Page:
Crutch beer holder. Photo copyright: Claire Howell,

(photo copyright: Claire Howell,

I also found a young lady’s detailed instructions on how she made her crutches faster, including the mathematical calculations she used. Unlike the beer holder crutches, I could find no engineering flaw in her design – it’s clear that her crutch land speed greatly increased once she modified them; plus, she even got compliments on the design from passers-by. Much like designing the Koenigsegg Agera R, it’s very difficult to build something that is both incredibly fast and also aesthetically pleasing, but some people seem to have that gift. A number of the engineering concepts found in her pink rhinestone-studded crutches have been adapted to include in my design, although in order to protect my trade secrets I cannot tell you which of these elements I’ve incorporated.

Pink rhinestone crutches. Photo copyright: Katie Brown,

(photo copyright: Katie Brown,

A quick warning to those who aim to create their own, faster-than-slow crutches, when doing rigorous scientific research online: There are numerous companies selling so-called crutch “covers” and “accessories” to make your crutches look faster, but I guarantee you that they do just that: they make your crutches look faster. They will not increase your crutch land speed in any way; they might even slow you down!

Now, having explained all of this to you, I hereby present: the cranderson enterprises world premiere of accELeration speedcrutches, the fastest fully homologated, zero-emission high-visibility speedcrutches ever designed.

Features include:

  • Super speed
  • Amazing acceleration
  • Very quick
  • Make you go faster

Before and after photos:

Before: regular crutches
After: black cranderson accELeration speedcrutches
Before: regular crutches
After: black cranderson accELeration speedcrutches
Before: regular crutches
After: black cranderson accELeration speedcrutches
Before: regular crutches
After: black cranderson accELeration speedcrutches
Before: regular crutches
After: black cranderson accELeration speedcrutches

The EL wire bits I needed to make my crutches faster, from the Vancouver Hackspace:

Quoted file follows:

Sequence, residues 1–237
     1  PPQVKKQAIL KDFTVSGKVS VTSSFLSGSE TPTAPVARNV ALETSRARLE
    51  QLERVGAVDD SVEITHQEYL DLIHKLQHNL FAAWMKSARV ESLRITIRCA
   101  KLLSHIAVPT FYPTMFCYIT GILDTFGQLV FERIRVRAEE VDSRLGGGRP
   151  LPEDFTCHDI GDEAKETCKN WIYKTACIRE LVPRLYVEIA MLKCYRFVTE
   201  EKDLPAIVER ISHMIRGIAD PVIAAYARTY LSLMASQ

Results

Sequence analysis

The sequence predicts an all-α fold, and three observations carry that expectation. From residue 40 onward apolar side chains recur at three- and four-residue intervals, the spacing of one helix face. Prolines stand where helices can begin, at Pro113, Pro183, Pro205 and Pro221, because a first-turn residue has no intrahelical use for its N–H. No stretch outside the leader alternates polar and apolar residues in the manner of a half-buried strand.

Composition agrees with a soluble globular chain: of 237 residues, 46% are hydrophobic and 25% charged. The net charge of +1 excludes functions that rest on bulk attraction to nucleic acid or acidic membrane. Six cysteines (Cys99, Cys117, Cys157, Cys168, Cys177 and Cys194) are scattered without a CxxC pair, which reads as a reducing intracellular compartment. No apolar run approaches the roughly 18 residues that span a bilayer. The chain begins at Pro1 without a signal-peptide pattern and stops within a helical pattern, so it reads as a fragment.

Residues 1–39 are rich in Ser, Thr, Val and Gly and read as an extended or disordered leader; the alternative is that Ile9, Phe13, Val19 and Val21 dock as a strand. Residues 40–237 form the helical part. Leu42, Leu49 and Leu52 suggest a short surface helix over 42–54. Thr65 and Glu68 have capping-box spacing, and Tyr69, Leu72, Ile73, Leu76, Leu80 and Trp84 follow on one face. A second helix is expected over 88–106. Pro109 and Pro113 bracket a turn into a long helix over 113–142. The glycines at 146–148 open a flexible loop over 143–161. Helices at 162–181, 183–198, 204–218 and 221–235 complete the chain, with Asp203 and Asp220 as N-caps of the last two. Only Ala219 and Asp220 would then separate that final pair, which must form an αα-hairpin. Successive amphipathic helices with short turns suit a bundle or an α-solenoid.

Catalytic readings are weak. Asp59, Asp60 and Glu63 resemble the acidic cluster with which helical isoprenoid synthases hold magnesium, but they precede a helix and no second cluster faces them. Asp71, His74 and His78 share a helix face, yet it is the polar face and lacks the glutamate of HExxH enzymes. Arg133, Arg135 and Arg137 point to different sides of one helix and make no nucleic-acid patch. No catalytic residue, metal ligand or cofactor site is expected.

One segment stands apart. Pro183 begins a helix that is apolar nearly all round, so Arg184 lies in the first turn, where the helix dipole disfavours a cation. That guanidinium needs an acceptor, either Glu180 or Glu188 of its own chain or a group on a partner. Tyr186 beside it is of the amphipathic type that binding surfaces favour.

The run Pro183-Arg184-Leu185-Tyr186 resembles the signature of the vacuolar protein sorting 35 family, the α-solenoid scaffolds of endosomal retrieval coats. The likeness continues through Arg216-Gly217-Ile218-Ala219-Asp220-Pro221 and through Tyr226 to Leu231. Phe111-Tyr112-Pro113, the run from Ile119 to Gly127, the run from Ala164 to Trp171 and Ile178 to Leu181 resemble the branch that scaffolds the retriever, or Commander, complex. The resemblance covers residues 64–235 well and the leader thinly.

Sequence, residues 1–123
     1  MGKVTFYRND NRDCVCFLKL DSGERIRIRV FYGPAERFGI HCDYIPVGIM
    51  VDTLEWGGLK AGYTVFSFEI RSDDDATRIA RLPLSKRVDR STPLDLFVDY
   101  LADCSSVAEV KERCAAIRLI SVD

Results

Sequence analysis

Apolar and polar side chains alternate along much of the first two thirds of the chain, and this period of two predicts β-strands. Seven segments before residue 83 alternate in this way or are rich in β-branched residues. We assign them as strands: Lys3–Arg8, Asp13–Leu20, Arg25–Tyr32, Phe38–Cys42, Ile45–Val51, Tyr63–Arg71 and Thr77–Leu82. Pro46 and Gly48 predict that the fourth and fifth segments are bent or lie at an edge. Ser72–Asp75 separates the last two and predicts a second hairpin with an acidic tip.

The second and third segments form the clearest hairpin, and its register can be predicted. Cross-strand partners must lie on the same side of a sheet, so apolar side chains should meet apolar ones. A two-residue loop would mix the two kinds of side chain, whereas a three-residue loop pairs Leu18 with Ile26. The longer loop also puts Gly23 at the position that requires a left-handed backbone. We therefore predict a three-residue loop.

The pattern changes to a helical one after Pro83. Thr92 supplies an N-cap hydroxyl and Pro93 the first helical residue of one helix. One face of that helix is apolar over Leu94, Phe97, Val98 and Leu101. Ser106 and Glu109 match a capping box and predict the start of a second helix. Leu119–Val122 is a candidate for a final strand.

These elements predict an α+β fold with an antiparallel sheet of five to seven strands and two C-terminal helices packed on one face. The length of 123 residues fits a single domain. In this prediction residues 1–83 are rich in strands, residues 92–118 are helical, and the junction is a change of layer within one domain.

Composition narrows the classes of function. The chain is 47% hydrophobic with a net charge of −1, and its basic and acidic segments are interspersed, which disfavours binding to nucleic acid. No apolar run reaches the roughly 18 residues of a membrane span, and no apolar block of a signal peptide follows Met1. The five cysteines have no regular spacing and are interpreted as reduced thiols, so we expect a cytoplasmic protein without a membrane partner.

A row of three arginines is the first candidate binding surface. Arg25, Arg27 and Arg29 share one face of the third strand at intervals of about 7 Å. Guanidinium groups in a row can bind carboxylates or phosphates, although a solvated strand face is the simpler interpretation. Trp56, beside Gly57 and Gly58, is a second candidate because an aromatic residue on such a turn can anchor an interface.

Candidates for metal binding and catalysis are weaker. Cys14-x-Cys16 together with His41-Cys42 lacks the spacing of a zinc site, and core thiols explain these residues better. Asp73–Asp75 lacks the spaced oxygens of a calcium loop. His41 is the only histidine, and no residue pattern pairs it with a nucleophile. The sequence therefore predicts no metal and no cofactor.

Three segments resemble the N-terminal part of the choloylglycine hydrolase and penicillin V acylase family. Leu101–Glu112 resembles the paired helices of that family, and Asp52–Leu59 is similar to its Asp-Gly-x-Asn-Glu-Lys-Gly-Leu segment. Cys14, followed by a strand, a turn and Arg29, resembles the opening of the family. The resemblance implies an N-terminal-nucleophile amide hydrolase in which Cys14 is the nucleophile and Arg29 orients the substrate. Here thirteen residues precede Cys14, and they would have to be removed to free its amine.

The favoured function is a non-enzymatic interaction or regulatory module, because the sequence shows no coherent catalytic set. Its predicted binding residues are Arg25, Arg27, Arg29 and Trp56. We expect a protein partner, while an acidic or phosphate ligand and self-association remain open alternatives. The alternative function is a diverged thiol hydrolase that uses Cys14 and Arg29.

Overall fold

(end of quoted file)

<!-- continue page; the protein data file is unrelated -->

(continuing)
EL wire supplies from the Vancouver Hackspace

The result of all this hard work? accELeration speedcrutches with the kitchen light on:

accELeration speedcrutches with light on

accELeration speedcrutches with the kitchen light off:

accELeration speedcrutches with light off

Two studio close-ups of the accELeration speedcrutches:

close-up of accELeration speedcrutches
close-up of accELeration speedcrutches

Yours truly showing off the crazy speed of these super fast accELeration speedcrutches:

cranderson accELeration speedcrutches (EL wire crutches) in use

A video of the fastest recorded crutchrun in history, using cranderson accELeration speedcrutches, can be viewed by clicking here.

How-To: The Loopy Logistician’s Leatherman Haircut

One cool evening in Dungu, Democratic Republic of Congo, a colleague asked me to cut her hair. I was flattered that someone had seen in me the same natural artistic ability I had long seen in myself but which I failed to make noticed by those around me; at the same time, I must admit to feeling confused at the request, having never cut anyone’s hair in my life (unless you count shaving my own head, or snipping off locks of my at-the-time toddler sister’s hair, after we got chewing gum stuck in it).

Being a logistician, when in the field my Leatherman multi-tool is never far from reach. Scissors, on the other hand, were at least ten meters away (this is equivalent to about six seconds at my average walking speed, recorded on several occasions as 6 km/h). The mathematics of convenience (aka laziness) clearly dictate that the Leatherman was the correct choice to cut my colleague’s curls. Of the many options available to me, I chose to use the serrated saw blade, having as logic the basic idea that cutting a loaf of bread is far easier with a serrated bread knife than with a non-serrated meat knife. Whether hair is more similar in nature to bread or a roast was a question that only occurred to me later on.